Owning a swimming pool is truly a luxury that not many get to enjoy, and even less have the weather to enjoy them as regularly as they would probably like. But whilst owning a swimming pool provides a wonderful degree of freedom and relaxation, it also comes with a variety of dangers that may not be overly apparent. Obviously there are the obvious safety precautions such as not allowing children near a pool unsupervised and having flotation devices on hand to aid people at risk of drowning, but when it comes to the pool itself, maintenance is key to ensuring your safety.
Tiles and grout
If you have a tiled swimming pool then being aware of chips and cracks is a must. If these are not made safe when they are noticed you are leaving all of the pool users at risk of nasty cuts. Grout erosion can allow tiles more space to become chipped and damaged, but it is the tiles themselves that pose the biggest risk as when they are chipped or cracked the edges are razor sharp and cut through skin like glass would. They can be so sharp that they will cut quickly and deeply, something that is made all the worse by being in water as you may not notice it straight away.
Pools that do not have the correct pH balance or cleaning chemicals in them can become a breeding ground for bacteria. Couple this with filters that aren’t changed frequently enough and a dip in this pool can lead to serious infection of open cuts and general illness. If you are lucky you might just have vomiting and diarrhea for a day or two, but there are far worse illnesses that can lurk in poorly maintained swimming pools.
Whilst chlorine is added to the water to kill bacteria and help keep us safe, it is only safe in low quantities. In fact a much higher concentration of chlorine can be fatal, but you would never get that situation in a swimming pool by mistake, instead you are far more likely to experience other fairly severe health issues as a result of being overexposed to chlorine. These can range from skin and eye irritation to respiratory problems and even cancer, so making sure whoever does the maintenance understands how the monitor the chlorine balance of the water is essential to the users safety.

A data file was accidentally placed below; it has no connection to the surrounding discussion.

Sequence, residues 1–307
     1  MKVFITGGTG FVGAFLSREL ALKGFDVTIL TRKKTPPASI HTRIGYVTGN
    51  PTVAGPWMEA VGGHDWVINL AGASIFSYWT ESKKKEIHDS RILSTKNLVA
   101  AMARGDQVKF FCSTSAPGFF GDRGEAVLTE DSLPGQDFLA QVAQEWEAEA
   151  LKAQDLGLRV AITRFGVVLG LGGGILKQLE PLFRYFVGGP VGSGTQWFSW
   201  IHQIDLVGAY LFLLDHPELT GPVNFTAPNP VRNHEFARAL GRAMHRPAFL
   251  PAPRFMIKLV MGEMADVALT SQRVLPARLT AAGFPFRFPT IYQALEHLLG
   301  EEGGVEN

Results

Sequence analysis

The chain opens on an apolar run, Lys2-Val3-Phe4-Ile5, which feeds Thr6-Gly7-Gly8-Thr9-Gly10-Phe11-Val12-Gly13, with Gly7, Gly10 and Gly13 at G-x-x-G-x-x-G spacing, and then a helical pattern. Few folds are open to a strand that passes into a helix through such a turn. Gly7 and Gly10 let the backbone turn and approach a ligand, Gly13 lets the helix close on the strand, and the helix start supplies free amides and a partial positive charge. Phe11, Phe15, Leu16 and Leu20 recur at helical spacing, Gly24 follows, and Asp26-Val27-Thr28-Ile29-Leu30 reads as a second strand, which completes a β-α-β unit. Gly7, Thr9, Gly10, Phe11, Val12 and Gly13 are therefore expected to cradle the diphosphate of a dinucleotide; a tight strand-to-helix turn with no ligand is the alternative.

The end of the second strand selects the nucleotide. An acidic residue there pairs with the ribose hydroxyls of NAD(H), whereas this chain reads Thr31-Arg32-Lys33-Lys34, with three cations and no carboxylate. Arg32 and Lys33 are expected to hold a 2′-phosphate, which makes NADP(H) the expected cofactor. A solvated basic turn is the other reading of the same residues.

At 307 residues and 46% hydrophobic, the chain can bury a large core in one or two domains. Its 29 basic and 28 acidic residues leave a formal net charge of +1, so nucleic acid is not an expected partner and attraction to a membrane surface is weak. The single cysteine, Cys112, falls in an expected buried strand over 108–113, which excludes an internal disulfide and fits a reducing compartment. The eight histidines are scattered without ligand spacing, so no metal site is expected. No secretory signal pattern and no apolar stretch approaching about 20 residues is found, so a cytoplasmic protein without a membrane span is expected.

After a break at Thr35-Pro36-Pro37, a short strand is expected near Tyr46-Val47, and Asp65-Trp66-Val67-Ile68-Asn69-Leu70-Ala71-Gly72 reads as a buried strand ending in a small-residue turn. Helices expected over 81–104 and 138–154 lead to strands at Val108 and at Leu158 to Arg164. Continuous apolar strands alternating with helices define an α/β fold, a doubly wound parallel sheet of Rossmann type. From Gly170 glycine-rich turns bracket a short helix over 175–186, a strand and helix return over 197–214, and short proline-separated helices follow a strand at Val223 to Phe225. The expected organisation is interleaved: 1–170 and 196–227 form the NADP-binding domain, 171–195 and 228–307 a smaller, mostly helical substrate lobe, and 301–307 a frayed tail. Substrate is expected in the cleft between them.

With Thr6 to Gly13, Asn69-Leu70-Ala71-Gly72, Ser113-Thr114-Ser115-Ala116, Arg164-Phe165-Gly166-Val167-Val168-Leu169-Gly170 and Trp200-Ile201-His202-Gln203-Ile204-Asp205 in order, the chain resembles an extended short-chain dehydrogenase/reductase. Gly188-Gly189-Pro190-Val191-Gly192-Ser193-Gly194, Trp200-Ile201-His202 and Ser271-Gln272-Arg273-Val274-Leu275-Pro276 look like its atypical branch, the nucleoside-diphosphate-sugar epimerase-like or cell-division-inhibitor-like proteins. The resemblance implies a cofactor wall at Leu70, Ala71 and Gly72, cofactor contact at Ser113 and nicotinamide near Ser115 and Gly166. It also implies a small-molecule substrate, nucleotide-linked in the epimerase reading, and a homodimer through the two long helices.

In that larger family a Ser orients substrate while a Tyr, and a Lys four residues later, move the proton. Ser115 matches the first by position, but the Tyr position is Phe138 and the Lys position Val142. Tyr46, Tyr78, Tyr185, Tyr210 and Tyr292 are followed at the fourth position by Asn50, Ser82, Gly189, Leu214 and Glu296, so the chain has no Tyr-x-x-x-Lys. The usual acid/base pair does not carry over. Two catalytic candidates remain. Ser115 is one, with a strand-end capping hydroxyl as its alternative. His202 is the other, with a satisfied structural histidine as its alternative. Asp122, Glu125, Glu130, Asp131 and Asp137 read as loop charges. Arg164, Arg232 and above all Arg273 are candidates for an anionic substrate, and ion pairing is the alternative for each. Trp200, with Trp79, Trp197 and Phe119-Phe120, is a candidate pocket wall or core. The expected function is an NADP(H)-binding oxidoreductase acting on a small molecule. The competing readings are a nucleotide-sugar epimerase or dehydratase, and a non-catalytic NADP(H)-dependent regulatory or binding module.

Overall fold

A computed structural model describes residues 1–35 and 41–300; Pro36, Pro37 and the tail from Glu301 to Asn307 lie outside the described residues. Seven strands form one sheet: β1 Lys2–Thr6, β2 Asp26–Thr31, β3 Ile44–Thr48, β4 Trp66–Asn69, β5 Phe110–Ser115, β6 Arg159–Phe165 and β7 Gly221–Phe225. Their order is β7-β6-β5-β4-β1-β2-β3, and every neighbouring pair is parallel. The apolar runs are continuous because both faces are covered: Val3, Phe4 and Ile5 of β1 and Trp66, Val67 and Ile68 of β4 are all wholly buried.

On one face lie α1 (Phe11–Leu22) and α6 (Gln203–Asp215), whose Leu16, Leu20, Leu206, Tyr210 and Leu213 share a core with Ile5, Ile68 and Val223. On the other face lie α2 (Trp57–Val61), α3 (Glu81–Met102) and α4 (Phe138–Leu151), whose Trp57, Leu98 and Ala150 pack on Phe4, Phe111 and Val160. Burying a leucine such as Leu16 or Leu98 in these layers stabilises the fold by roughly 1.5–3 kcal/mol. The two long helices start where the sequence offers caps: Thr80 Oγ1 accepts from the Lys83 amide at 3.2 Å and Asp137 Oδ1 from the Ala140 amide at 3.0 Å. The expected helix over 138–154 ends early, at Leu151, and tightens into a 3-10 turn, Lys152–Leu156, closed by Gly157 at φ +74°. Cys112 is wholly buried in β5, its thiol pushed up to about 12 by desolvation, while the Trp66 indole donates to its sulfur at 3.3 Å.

These three problems are the most likely to occur from poorly maintained swimming pools, but they are by no means an exhaustive list. Where as maintenance is something that is the responsibility of the pool owner, more complex problems such as damage and old systems could well require a professional pool renovation service to remedy them. Regardless of who is responsible for the pool, you should always exercise common sense and if things don’t look or smell right, the pool has obvious signs of wear and damage or you have any other concerns whatsoever – stay safe and do not get in the water.